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Atmosphere of Fear: Forest Service/Border Patrol Alliance

The Olympic National Park and surrounding areas contain a plant called salal that was frequently harvested by Latinos and sold to floral arrangement companies. In May 2011, a couple was stopped by the Forest Service outside of Forks, WA and asked for their salal harvesting permits and drivers licenses. When a Border Patrol agent arrived shortly after, the couple fled. The woman was caught and arrested, and later brought a complaint to the Department of Agriculture’s civil rights office. Her partner fled and was seen entering the water before his body was found a few weeks later.

Members from the community, including salal and mushroom harvesters, served as supporting witnesses in the formal complaint and reported a general atmosphere of fear and distrust. Serious complaints to the mayor’s office have been made against the Forest Service in the past.  Because Border Patrol agents are required to speak Spanish, calls for language assistance or general backup could be made, even as a pretext, for Latino and Latino-appearing individuals stopped by the Forest Service. Despite the alleged reasoning of the Forest Service officers, the Department found that by calling Border Patrol for “assistance,” language access is not increased, safety concerns are heightened, not reduced, and there exists a general discriminatory bias towards Latinos within the Forest Service.

The decision made in response to the administrative complaint held that this practice was discriminatory on its face. In what is seen as a benchmark legal decision, the Department of Agriculture has said that the U.S. Forest Service discriminated against Latinos on the Olympic Peninsula by using Border Patrol agents as interpreters and as law-enforcement support in routine matters. The civil rights office ordered the Forest Service to make policy changes at the national level to address its discriminatory policies and practices.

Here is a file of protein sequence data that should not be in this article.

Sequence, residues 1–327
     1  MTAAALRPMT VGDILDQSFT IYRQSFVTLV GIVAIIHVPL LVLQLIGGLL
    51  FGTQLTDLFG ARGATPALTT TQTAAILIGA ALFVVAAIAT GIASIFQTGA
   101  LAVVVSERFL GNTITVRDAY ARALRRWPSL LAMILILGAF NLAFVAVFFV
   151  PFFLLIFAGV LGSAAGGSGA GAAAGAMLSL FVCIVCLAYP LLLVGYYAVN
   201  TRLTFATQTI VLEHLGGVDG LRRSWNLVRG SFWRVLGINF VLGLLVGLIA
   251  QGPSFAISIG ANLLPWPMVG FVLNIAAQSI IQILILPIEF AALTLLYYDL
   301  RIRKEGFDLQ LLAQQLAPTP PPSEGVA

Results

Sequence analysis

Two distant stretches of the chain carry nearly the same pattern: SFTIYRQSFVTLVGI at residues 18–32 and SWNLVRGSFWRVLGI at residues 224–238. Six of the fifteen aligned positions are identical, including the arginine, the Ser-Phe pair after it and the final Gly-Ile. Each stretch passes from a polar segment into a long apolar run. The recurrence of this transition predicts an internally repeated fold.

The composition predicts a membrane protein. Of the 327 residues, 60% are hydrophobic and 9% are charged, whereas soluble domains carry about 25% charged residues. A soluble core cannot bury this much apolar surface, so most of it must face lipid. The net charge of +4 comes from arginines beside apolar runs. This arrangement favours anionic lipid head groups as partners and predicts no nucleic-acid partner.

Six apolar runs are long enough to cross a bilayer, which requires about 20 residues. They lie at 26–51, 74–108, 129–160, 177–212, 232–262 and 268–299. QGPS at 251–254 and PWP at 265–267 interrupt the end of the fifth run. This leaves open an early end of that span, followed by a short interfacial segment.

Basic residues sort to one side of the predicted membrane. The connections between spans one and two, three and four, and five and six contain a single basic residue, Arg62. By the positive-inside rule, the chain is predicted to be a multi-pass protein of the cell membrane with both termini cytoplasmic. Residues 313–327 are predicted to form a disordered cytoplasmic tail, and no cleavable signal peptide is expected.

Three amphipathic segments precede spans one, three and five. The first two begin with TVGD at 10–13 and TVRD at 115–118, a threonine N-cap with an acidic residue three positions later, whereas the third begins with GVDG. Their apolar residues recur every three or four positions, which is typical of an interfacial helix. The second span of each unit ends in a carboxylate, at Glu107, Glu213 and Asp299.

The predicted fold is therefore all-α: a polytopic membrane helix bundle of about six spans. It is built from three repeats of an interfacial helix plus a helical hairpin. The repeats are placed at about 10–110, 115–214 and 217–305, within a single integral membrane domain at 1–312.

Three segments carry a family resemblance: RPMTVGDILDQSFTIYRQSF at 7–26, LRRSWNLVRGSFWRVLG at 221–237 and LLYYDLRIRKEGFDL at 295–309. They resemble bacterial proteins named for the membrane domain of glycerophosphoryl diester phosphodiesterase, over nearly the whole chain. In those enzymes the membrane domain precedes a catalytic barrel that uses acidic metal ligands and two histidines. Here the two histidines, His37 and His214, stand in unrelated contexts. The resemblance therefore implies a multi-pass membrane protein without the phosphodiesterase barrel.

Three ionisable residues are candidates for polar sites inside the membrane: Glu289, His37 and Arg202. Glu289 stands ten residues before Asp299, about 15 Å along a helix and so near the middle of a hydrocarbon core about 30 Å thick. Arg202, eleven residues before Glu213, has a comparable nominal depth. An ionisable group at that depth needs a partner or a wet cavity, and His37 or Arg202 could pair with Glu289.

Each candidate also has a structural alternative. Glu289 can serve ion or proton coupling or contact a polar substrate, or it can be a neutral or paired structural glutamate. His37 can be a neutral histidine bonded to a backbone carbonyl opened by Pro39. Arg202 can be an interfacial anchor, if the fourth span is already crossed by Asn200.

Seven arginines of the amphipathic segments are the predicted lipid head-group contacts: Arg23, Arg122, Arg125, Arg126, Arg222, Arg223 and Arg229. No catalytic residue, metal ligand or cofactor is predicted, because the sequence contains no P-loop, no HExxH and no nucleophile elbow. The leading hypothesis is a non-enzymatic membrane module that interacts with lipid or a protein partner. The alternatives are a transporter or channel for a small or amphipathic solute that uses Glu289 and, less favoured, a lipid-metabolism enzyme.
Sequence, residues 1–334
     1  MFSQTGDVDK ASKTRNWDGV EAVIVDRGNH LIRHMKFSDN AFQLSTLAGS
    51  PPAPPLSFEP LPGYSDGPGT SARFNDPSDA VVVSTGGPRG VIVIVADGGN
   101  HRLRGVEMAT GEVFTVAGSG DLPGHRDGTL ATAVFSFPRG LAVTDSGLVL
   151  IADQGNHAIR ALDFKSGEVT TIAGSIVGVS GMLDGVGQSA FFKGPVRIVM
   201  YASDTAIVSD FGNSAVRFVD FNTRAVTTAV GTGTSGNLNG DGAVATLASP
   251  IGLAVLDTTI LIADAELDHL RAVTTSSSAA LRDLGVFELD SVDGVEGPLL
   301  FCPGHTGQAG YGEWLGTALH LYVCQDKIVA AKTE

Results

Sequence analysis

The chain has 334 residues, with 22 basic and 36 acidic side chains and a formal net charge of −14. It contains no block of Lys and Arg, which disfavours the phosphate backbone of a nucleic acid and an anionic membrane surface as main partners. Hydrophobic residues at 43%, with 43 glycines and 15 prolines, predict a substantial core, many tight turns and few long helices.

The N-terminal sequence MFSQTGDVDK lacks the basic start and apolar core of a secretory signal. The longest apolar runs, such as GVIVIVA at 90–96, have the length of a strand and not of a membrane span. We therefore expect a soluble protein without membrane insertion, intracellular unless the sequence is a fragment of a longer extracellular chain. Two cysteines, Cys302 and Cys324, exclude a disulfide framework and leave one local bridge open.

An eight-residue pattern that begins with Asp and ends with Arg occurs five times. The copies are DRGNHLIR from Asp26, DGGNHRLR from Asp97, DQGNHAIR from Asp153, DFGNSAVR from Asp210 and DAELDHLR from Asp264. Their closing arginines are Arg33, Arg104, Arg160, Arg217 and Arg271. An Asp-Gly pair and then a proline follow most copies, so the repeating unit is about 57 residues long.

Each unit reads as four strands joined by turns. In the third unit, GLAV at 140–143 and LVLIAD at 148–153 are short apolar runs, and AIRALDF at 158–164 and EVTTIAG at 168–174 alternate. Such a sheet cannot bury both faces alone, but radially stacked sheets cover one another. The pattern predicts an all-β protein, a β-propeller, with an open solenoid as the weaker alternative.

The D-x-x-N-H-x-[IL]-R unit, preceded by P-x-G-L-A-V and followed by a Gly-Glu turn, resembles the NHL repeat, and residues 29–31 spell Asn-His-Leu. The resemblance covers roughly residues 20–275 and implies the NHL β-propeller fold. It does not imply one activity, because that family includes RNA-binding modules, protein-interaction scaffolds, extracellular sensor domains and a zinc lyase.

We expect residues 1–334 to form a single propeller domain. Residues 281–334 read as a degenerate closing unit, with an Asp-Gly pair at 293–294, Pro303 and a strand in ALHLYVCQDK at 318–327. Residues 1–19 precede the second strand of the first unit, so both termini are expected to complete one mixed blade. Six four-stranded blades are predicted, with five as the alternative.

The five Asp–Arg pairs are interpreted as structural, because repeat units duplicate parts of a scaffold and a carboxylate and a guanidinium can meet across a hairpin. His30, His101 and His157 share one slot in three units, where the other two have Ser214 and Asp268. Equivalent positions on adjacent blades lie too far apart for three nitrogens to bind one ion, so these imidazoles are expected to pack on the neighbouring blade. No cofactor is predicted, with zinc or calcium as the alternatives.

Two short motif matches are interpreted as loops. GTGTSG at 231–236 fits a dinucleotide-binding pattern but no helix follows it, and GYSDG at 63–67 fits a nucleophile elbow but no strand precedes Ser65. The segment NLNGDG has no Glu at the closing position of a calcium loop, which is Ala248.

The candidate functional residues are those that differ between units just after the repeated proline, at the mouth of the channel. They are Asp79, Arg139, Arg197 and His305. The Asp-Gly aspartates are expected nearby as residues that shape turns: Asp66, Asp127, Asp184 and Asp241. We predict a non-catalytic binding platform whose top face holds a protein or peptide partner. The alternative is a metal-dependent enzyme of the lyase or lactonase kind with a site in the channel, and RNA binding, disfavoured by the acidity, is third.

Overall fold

For more detailed information, the complaint and decision is available here: http://nwirp.org/Documents/PressReleases/DecisionOfOASCRUSDAreCivilRightsComplaintREDACTEDforRelease.pdf

Vanessa Arno is currently a 2nd year law student at Seattle University School of Law focusing on immigration and international law; she is not yet an attorney.

Vanessa’s contributions to the The Law Office of André Olivie BLOG provide general information only and are not to be considered legal advice. If you are in need of legal advice regarding the issues discussed above or any other immigration related issue please contact Attorney, Andre Olivie at (206) 724-1940